- Editor's letterWhen converged and hyper-converged -- and cloud -- converge
- Cover storyMachine learning for data analytics can solve big data storage issues
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- FeatureProtect backups from ransomware and other security risks
- ColumnLarger, expandable HCI nodes bring big infrastructure benefits
- ColumnSupport for production-level hybrid cloud use cases on the rise
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When converged and hyper-converged -- and cloud -- converge
Price, ease of management and use cases should determine if you use hyper-converged, converged infrastructure or on-premises public cloud stacks. There are differences, however.
- Dave Raffo, Evaluator Group
The difference between converged and hyper-converged is becoming less clear cut. My advice is to beware of hyper-converged infrastructure products with "HCI" in their names. They may not be hyper-converged.
NetApp HCI is a converged infrastructure that combines separate servers and SolidFire flash storage. Hewlett Packard Enterprise's Nimble Storage dHCI is a similar setup, except it uses HPE Nimble arrays and ProLiant DL servers. Microsoft Azure Stack HCI is Windows Server Software-Defined (WSSD) rebranded.
Although those products can meet the needs of a typical hyper-converged infrastructure customer, they don't meet the definition of HCI -- at least not the two hardware appliances in the group.
For NetApp and HPE, the "tell" is in the product name, because the vendor knows it doesn't fit the textbook definition of hyper-converged. NetApp calls NetApp HCI a "hybrid cloud infrastructure," while the dHCI in Nimble Storage dHCI stands for "disaggregated hyper-converged infrastructure," even if HCI is, at its core, an aggregated architecture.
Research firm IDC has even expanded its definition of HCI to accommodate these new systems. In June 2019, IDC added disaggregated HCI to the HCI market it tracks. It defines these as nonlinear scaling clusters that can add compute and storage independently. The storage nodes of these systems do not need a hypervisor to qualify as HCI because they don't have to run virtual machines or applications. In other words, these systems can take the hypervisor out of hyper-converged.
On the other hand, Microsoft Azure Stack HCI is true hyper-converged software. It includes a Microsoft Hyper-V hypervisor, Storage Spaces Direct software-defined storage and software-defined networking. Think of it as Microsoft's version of VMware vSAN. Just don't think of it as a brand new HCI product that dropped in 2019, since most of the features and WSSD have been around for years.
Besides Azure Stack HCI, the other products are attempts to position CI as HCI. Others, including Datrium DVX, are doing the same. And this isn't just happening on the primary side. Converged secondary storage systems are now often referred to as hyper-converged secondary storage. The main reason is that the HCI market is expanding, making CI's shrinking market not so cool.
These new systems also blur the lines between converged and hyper-converged. They can be used for many of the same use cases, appeal to virtualized apps and serve as private cloud building blocks and launching pads to public clouds. Still, customers should know if the system they're buying is truly hyper-converged, which puts the compute and storage in the same chassis and enables storage management through the hypervisor.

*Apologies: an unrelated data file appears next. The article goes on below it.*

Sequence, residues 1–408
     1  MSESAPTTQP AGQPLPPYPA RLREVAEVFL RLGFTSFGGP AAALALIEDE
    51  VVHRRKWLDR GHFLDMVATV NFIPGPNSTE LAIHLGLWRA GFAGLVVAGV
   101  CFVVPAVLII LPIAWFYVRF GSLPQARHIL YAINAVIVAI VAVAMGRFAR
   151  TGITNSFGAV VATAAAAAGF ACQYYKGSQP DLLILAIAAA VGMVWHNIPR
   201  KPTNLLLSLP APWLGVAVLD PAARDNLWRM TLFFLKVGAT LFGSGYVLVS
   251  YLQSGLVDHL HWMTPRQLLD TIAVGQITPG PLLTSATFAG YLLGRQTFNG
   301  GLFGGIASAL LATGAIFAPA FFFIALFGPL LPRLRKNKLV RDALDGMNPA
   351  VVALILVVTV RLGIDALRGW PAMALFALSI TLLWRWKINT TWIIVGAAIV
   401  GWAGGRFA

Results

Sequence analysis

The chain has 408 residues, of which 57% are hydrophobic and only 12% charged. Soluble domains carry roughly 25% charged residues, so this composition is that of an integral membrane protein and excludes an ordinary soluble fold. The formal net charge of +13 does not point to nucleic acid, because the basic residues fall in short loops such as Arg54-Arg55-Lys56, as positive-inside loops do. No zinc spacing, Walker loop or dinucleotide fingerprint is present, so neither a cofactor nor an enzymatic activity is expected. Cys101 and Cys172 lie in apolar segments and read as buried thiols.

Hyper-converged infrastructure 2.0
Latecomers to HCI sometimes call their systems HCI 2.0, promising improvement over initial HCI products.
HCI 2.0 products claim to fix a problem with the way early HCI systems scale by enabling users to add compute and storage separately. But the original HCI vendors have already added compute- and storage-centric nodes, so even scalability isn't much different between new converged and hyper-converged systems.
We're seeing even more data center convergence in the form of on-premises storage delivered by public clouds. These examples include Azure Stack, a different beast than Azure Stack HCI software, and the early-stage AWS Outposts.
All of these options provide customers with more choices -- and decisions -- to make when trying to move from a traditional three-tier architecture to one that combines compute, storage and virtualization.
It's not for everyone
Patrick Sudderth director of technology at public safety training firm Lexipol, called Azure Stacks "a great solution. It's Azure basically on premises." But he didn't think it was a good fit for his company because of price. He uses Nutanix hyper-convergence on-premises and the Nutanix Xi public cloud and is exploring multi-clouds. But he's not sure if bringing public clouds into the data center is the right move.
"I don't know if it makes sense to deploy on premises," Sudderth said of Azure Stack. "It's pricey, and I don't know if it makes sense for an organization the size of ours. Maybe for an organization with 2,000 employees, but it didn't fit our price point."
Don Murawski, server and storage manager at The Wendy's Company, said his company uses Azure and AWS clouds as well as Nutanix HCI on premises in a hybrid setup. He said he likes to keep his cloud options open, so using Azure Stack on premises wouldn't make sense because it could lock him in unless the vendor lowers the price. But whether it's converged and hyper-converged or cloud, Murawski said the goal is reducing cost.
"Expense is a bad word for our company," Murawski said. "I am trying to get less physical. I decommissioned 90 physical servers in the last 12 months, and a lot of that is now hyper-converged. We still have servers we have to do something with. Some of that may die on the vine. Some may go to Azure. We have investments with Microsoft and AWS for our digital platform. Whatever we can capitalize, we'll try to capitalize."